Music Writing Part 3 – Looking For The Pitfalls

Writing Music can Sometimes be Really Hard

Sometimes we can sit on the couch for hours at an end and never really come up with anything, and then we look at people like sting who can produce the constituent parts of a hit in about 10 minutes, or like Rihanna and Sia who wrote Diamonds in about 14 minutes and  we end up in despair because of it. WRITER’S BLOCK IS REAL.

But, don’t stress! We have some tips for you.

1 – Set a time limit. Force yourself out of your comfort zone and start writing, but be sure to try and have it  done in say 30 minutes. You will become so well practiced at it that it becomes second nature, just like anything else that you do repeatedly.

2 – Analyse the stuff you dig to listen to. Yes it’s fine to use another track as a starting point, but why do you like it? What about the track connects with you most, the drum loop? The hook? What about the melody line? What about a particular genre or particular style speaks to you as an artist? Knowing what you really like is half the battle.

3 – Identify things you like, write them in a diary, or just sing them into your phone. You would be amazed at how much material you could save on your little pocket recorder if you recorded every musical thought you had.

4 – Listen to a bunch of stuff you usually don’t. This is super helpful when it comes to thinking of lyrics, chords or music you might not have thought about before. It also broadens you to aspects of certain genres you may never have thought about.

Writing For The Listener Or Yourself, What’s More Important?

The truth is, neither.You have to find a happy medium when you write music to do what fulfils you creatively but also what people actually want to listen to. The challenge is to get to the point between your own creative integrity and making the music you really want to make.

Part of this also means you’ll be falling into the time when you need to decide what genre you want to be known for, which is actually quite a significant step to take for any artist.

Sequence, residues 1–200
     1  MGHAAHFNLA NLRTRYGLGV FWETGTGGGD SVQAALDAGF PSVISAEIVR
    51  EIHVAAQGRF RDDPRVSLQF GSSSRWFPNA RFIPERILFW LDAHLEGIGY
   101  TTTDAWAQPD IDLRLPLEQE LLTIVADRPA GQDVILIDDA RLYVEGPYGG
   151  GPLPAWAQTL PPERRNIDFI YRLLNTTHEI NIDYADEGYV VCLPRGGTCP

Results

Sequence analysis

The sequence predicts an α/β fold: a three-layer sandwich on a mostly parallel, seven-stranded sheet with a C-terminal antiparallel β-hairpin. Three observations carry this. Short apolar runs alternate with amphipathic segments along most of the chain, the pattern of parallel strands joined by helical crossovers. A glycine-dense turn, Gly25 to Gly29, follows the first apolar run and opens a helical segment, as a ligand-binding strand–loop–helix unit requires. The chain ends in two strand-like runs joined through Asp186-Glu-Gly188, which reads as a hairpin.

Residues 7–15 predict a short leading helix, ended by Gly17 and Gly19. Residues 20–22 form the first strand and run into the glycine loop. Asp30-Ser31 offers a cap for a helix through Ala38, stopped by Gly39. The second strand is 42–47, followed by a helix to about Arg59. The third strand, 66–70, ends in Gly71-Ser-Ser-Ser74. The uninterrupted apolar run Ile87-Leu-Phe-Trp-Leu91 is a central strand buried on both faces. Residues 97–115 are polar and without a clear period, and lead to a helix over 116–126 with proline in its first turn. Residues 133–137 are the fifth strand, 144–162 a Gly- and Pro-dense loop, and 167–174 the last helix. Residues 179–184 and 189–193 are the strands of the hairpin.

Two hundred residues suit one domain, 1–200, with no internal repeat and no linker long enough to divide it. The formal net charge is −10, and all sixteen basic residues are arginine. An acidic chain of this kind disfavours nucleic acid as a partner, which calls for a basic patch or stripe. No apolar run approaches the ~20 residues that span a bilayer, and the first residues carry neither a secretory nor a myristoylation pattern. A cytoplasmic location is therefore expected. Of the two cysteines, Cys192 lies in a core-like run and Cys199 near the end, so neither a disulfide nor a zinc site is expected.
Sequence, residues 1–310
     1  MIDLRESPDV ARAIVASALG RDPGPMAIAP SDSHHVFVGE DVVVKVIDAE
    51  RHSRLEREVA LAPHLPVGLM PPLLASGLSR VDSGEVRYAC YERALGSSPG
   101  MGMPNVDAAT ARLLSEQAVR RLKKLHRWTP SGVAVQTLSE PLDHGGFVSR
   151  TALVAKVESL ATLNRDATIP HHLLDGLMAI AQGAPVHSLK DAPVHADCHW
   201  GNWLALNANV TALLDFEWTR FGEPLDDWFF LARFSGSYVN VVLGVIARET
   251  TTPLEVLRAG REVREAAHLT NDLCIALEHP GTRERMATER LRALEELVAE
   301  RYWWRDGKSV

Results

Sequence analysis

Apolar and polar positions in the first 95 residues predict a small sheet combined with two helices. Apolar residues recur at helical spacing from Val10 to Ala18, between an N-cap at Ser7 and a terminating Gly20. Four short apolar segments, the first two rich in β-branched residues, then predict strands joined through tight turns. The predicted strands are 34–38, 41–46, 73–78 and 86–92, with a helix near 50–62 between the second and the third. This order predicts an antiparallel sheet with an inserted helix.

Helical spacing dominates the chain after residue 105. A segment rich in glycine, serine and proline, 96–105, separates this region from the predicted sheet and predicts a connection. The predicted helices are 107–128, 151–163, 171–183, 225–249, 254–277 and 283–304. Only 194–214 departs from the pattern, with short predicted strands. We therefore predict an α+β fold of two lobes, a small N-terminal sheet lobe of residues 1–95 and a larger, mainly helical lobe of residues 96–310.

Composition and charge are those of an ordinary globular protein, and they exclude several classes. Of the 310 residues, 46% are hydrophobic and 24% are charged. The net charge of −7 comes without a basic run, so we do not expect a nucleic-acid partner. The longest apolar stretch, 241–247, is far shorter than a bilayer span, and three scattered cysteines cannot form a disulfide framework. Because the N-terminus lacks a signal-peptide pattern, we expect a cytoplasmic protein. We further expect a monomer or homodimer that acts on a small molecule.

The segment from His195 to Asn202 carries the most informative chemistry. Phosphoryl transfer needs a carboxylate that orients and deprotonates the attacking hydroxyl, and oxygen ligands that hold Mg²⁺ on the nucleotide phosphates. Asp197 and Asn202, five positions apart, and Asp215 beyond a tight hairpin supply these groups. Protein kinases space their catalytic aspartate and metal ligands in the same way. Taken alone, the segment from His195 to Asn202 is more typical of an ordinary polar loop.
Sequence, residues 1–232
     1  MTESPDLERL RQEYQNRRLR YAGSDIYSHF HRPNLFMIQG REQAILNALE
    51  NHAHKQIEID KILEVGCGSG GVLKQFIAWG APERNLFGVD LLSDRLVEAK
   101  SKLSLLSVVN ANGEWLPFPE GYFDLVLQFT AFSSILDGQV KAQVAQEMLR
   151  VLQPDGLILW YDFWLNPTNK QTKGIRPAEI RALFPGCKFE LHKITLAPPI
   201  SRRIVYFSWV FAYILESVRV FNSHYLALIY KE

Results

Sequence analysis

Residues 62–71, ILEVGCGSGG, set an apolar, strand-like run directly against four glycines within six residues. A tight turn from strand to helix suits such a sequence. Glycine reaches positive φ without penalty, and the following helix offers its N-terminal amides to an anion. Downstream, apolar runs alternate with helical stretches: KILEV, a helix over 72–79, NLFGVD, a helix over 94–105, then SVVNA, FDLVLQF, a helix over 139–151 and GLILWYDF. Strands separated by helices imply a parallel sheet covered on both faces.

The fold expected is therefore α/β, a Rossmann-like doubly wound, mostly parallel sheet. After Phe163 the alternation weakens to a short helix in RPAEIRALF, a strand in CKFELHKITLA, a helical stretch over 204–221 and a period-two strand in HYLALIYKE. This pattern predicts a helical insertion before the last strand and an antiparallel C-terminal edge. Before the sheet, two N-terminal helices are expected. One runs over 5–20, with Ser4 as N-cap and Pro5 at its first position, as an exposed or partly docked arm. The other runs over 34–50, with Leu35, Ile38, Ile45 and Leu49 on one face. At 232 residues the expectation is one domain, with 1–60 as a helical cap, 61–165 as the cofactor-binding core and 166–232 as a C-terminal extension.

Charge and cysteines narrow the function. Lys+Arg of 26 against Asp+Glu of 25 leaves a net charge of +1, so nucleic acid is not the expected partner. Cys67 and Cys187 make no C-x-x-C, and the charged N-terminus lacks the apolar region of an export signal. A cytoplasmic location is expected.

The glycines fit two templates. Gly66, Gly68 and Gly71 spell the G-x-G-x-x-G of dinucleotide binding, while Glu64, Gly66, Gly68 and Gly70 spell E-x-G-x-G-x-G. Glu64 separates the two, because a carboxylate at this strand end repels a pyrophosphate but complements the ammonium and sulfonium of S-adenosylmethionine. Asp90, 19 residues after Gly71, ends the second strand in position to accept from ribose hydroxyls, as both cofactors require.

Saying that both of these are important also doesn’t mean that you can’t create a song for your listeners, or that you can’t have a moment of musical selfishness and write purely for your own enjoyment, but be aware that a track you create for radio has to have a certain format, so don’t expect your 15 minute long pop symphony to go to the charts, have realistic expectations of where your music will go.

The Final Round Up

There are hundreds, thousands, perhaps millions of ways to write music and record it, and with new things happening in technology there are also new instruments and programs coming out all the time, the landscape is changing faster than ever.

Art is an ever evolving world which changes with the times, and artists have to adapt with it.

We are getting used to having more and more tools which allow us to use our creativity our own way which is one of the greatest gifts technology can give us, and this is not set to change any time soon.

At the end of the day, your creative process must be your own, the way you choose to get there, what you choose to create and the end product are all you, and they need to reflect your personality, your thoughts and you as an artist and a person.

We hope you have enjoyed this series, the team at Cosher Recording Studios certainly has.

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